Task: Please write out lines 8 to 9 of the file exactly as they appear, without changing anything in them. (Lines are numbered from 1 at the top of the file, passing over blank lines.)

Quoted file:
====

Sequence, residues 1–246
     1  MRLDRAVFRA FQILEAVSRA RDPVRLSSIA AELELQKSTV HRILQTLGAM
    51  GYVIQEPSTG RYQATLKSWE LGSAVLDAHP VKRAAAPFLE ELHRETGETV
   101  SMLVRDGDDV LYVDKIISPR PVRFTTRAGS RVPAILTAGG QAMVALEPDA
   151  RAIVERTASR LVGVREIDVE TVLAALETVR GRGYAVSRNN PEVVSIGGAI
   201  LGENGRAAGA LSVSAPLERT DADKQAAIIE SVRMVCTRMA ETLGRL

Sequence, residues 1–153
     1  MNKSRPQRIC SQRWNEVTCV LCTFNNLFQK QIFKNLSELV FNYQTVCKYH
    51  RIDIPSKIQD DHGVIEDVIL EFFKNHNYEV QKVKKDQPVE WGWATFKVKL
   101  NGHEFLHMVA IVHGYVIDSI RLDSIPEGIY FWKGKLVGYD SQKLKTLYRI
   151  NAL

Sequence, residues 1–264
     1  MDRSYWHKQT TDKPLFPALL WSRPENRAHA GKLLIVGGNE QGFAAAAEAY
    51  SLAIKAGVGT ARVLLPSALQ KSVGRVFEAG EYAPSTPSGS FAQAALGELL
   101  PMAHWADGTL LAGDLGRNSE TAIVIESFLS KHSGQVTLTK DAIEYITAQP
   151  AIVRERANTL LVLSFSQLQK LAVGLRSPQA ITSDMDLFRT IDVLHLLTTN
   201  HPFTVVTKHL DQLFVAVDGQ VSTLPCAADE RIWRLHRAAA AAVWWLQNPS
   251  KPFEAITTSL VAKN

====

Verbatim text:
     1  MNKSRPQRIC SQRWNEVTCV LCTFNNLFQK QIFKNLSELV FNYQTVCKYH
    51  RIDIPSKIQD DHGVIEDVIL EFFKNHNYEV QKVKKDQPVE WGWATFKVKL